Everything begins with staking your claim to your piece of virtual land
There was a time when pioneers and adventurers staked their claim to a plot of land. They put their flag in the ground, and that ground became theirs. The same thing is happening today, only this time the real estate is virtual, but nevertheless just as valuable.
As a business, we have to stake a claim to the virtual land that belongs to us. This, in techie terms, is what we call a domain.
For example, if you are Joe Bloggs the gardener from Glendale, you might want to stake your claim to JoeBloggsgardener.com.
Even better, bearing in mind that people search locally for services that you can offer, why not stake your claim to GlendaleGardener.com or GardenerInGlendale.com.
But we don’t want to stop there, we also want Facebook.com/glendalegardener and Twitter.com/glendalegardener.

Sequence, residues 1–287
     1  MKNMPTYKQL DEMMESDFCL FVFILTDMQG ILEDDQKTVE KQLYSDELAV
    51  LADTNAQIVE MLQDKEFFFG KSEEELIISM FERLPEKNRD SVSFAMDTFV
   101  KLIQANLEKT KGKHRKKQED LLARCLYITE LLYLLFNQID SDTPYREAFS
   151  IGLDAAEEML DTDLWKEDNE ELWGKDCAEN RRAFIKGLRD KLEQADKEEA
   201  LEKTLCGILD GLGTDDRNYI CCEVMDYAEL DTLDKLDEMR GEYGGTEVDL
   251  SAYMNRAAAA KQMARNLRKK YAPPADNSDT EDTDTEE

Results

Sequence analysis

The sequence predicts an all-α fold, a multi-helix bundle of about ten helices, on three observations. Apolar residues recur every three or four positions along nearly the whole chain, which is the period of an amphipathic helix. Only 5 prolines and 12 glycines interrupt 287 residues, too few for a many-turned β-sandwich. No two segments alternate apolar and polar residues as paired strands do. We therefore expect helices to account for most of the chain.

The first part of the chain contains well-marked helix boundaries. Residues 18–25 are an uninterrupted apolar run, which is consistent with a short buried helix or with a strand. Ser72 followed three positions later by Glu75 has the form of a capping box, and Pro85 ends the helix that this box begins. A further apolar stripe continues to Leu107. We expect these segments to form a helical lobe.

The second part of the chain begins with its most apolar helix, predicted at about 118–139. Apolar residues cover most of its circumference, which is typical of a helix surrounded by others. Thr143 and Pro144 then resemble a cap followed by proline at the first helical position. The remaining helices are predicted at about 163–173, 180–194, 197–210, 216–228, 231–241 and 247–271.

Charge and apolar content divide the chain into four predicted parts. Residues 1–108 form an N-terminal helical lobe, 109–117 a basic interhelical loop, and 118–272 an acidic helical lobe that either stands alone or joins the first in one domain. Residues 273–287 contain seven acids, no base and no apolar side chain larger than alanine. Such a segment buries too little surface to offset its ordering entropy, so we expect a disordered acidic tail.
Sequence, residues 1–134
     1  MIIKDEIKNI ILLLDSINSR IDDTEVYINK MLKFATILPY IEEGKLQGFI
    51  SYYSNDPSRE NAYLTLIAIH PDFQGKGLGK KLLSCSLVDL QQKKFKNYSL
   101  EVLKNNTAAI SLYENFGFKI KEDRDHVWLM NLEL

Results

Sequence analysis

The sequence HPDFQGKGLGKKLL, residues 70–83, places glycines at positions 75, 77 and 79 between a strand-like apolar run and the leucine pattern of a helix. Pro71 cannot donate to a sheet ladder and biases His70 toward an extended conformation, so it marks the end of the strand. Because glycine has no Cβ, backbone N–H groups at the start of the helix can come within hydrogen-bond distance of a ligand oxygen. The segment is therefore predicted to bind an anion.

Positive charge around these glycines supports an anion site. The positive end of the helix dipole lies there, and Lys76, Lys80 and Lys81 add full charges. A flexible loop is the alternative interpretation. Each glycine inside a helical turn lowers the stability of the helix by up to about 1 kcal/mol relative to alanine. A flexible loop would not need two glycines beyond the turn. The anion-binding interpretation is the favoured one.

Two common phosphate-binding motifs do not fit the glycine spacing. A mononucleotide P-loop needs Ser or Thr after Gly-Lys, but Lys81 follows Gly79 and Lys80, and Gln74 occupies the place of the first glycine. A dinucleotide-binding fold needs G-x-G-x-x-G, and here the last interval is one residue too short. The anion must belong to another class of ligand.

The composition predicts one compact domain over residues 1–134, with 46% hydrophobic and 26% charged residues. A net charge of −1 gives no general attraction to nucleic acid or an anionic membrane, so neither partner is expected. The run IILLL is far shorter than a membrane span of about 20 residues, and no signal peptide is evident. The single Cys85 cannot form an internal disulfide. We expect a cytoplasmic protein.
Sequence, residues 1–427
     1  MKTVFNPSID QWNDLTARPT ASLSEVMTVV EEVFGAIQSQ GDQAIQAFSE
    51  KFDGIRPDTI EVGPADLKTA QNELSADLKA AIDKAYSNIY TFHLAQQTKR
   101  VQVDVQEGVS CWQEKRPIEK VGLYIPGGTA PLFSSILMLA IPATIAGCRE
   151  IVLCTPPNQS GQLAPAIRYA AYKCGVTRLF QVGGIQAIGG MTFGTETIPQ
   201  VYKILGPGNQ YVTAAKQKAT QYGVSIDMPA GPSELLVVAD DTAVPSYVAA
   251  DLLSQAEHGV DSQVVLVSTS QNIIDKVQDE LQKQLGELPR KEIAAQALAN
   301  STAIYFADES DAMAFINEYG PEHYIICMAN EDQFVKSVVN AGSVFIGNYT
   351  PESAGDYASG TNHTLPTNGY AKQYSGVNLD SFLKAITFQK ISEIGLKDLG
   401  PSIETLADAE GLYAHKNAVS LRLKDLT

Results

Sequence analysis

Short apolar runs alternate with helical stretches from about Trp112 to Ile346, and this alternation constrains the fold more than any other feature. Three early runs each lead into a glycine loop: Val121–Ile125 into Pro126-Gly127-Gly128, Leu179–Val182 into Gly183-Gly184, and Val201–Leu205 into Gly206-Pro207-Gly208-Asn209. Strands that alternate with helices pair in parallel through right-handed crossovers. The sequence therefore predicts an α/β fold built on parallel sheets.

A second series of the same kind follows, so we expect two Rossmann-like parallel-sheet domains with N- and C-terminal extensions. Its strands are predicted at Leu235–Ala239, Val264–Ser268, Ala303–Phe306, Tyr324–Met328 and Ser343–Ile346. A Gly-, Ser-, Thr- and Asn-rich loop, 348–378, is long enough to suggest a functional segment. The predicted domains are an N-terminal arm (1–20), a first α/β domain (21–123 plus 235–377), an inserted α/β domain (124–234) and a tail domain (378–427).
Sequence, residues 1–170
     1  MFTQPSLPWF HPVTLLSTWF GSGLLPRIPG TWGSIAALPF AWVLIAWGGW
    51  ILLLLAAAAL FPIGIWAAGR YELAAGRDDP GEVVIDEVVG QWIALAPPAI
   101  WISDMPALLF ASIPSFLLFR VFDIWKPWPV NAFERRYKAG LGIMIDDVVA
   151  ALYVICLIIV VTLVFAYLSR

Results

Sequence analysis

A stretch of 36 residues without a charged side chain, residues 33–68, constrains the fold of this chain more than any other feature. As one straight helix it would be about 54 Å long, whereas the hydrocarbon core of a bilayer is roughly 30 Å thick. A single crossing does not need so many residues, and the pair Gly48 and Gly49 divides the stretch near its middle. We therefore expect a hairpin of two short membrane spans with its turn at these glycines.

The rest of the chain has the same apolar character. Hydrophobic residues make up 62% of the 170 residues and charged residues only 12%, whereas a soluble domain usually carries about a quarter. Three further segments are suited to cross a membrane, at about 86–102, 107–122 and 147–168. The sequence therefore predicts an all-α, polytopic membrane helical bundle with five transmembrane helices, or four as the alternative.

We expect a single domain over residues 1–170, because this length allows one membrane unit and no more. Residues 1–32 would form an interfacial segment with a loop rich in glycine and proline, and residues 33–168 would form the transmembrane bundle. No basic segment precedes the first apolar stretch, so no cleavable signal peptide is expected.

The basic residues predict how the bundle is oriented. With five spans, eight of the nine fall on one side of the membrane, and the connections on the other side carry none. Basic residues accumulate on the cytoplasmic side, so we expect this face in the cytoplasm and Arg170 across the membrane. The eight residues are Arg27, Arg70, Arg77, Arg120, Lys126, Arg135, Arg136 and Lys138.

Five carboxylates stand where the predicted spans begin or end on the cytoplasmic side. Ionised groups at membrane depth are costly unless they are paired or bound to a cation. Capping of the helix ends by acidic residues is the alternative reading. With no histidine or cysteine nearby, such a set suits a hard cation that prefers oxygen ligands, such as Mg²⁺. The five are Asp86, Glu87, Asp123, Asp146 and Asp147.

Get the picture?
People are searching for “gardener in glendale”, or “gardeners in glendale”, or “Glendale gardener”, and to own the domain name that perfectly fits with that local search can be a very powerful aid to getting noticed on the Internet.
Contrary to popular understanding, just having the right domain name is often not enough. It really is just a beginning, and there are many factors that will determine whether, and where, you appear in the search engines.
But this is the best place to begin. Stake your claim, get your name, and make sure you have the right domain!
There are lots of places to do this, called registrars. We have always found Namecheap a great source, but the choice is yours where to cheaply, register your claim to the name.
When we build a website for anyone, we always insist that they and only they have control of their domain name. However good a third party’s intentions are (including ourseleves), this is not their online piece of real estate it belongs to the business and needs to be controlled by the business to ensure it is renewed and managed the way it should.